Dave - I think aluminium will get hot in a microwave if the microwaves can get to it, it will get hot. But if it can't shrink because with the crisp packet it was shrinking and you get the small gaps where the electricity can jump as sparks, you don't necessarily get sparking. You do get sparking off things like gold rims on plates because then you get a little break in the gold rim and then you get sparking across that. I wouldn't necessarily say it was a good idea in general, but I can quite believe that it works.

Ginny - So, you only really get sparks when you've got something that can conduct the electricity, but then a point where it can't conduct it anymore and it has to jump through the air. So, because the crisp packets have a sort of plasticky coating, that can't conduct the electricity anymore. So then, when the electricity reaches that point, it has to jump and that's why you get the sparks.

Chris - We have a question down the front here. What's your name?

Nathan - Nathan.

Chris - Hello, Nathan. What can we do for you?

Nathan - I was just wondering if you would be able to do that again.

Ginny - Dave is just going to set it up again. We're going to put the crisp packet back in the microwave and turn the house lights down, and then we'll set it going. There we go.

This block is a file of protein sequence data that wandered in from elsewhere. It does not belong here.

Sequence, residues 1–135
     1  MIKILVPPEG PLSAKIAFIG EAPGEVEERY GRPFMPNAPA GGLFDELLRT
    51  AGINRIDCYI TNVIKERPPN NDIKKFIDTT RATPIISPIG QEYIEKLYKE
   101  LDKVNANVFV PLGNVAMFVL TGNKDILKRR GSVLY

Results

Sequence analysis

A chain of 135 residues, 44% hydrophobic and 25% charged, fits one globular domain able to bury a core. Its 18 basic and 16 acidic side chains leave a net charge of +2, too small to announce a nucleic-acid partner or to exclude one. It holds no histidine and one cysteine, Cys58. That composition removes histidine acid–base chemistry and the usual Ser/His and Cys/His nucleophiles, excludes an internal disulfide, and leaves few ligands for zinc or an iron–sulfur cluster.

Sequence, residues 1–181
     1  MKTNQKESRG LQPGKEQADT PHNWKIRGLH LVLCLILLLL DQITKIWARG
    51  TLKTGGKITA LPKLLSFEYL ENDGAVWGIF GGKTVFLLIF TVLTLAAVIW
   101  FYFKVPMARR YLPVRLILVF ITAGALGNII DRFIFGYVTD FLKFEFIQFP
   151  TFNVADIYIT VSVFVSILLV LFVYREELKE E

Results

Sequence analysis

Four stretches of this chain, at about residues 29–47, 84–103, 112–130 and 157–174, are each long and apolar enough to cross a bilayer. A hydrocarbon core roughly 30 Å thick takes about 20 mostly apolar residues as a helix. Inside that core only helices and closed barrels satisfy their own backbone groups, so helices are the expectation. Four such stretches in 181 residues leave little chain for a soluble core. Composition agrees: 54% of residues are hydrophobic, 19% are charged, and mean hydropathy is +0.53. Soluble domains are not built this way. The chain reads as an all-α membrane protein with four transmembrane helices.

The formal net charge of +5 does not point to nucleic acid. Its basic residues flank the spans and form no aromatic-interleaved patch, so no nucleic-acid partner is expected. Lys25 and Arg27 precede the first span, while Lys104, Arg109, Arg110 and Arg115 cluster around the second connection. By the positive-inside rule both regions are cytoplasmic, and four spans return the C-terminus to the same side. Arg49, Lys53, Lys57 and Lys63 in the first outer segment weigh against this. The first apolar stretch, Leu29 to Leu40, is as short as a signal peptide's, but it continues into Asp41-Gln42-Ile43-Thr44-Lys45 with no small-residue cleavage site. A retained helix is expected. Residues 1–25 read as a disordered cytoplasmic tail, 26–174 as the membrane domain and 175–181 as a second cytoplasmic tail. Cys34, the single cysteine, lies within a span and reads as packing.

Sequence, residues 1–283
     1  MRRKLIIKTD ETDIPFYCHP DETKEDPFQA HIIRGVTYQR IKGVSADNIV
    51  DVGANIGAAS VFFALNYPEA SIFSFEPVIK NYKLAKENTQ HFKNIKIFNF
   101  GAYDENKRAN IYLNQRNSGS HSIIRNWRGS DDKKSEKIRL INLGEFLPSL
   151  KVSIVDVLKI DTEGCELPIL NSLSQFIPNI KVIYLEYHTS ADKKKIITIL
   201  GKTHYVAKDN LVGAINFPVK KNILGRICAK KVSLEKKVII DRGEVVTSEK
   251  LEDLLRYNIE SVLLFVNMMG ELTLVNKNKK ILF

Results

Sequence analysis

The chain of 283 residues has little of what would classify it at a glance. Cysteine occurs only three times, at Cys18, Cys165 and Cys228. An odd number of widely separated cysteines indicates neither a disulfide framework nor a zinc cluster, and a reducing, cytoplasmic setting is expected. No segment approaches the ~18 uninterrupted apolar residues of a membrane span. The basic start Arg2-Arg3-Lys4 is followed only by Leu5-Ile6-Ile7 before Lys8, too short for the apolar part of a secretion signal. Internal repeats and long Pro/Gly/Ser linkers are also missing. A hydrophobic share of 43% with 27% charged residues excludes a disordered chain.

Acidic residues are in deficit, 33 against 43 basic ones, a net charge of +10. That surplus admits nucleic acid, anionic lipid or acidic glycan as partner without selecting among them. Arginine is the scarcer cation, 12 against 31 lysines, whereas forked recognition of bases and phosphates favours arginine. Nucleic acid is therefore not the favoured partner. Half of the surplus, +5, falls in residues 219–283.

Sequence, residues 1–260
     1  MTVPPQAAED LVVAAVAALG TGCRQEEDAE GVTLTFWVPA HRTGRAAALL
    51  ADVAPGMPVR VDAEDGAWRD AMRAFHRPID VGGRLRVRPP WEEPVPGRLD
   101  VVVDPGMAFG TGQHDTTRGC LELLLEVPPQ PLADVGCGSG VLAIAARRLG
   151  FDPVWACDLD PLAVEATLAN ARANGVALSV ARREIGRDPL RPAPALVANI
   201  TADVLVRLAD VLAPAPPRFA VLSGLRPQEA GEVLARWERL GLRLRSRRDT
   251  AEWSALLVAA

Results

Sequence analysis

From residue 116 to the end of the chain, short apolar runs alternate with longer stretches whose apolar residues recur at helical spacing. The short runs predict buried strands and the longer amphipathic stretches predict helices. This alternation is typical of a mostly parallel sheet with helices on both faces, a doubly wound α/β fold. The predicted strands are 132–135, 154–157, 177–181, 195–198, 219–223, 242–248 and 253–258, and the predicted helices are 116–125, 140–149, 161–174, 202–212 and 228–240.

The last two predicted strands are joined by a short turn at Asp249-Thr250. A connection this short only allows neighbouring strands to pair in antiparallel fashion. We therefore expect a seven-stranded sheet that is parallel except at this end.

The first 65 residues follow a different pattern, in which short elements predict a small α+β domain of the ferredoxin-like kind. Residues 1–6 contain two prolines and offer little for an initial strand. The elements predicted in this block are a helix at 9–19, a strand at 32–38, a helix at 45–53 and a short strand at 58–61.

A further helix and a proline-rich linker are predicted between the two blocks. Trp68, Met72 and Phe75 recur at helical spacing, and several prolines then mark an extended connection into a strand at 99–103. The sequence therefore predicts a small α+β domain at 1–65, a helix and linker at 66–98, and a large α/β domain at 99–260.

Chris - Okay, next question. Yes, sir, down the front here in the black t-shirt. What's your name?

Ashley - Ashley.

Chris - Hello, Ashley. What would you like to know?

Ashley - What will happen if you tried to cook food in a crisp packet like that?

Ginny - Well, as you saw, the crisp packet kind of shrivelled up and melted. So, I think what you would find is you'd have bits of melted crisp packet stuck to your food. It will probably also burn in places.

Dave - And hot plastic doesn't taste good, I've found from experience so I wouldn't recommend it.

Ginny - No, I don't think it will be the best way to cook your dinner.

Chris - Okay, there's one more question here. This gentleman just in the second row here. What's your name?

Aaron - Aaron.

Chris - Hello, Aaron.

Aaron - So, if it takes electricity 10,000 volts to jump a centimetre, how many volts were in that crisp packet when it's sparking?

Dave - There was certainly - there will have been thousands of volts. The electricity kind of sloshs backwards and forwards through the crisp packet. And as it does that when it kind of slams into one end, you get very, very high voltages.

Chris - Just over here, yes, sir.

Fergal - My name is Fergal. I know hot plastic doesn't taste good, but is there any health risk associated with cooking food in plastic dishes in a microwave?

Chris - Ready meals.

Ginny - So, yeah. I think the answer is that they do do tests on things like that. So, I think anything where your food sold in a plastic thing that says you can put it in a microwave, they would've tested that and they would've shown that the chemicals weren't going to harm you. If it's something that's not microwave safe then if it melts then you actually end up ingesting more of that plastic because it's melted into your food. That's probably not going to do you much good.

Dave - There are some plastics which when you get them hot, do give off bad chemicals but they would deliberately pick them not to use in food packaging. The really nasty thing about the hot plastic when it starts to burn, you get lots of nasty chemicals and hopefully, you're not burning your food too badly when you're cooking a ready meal.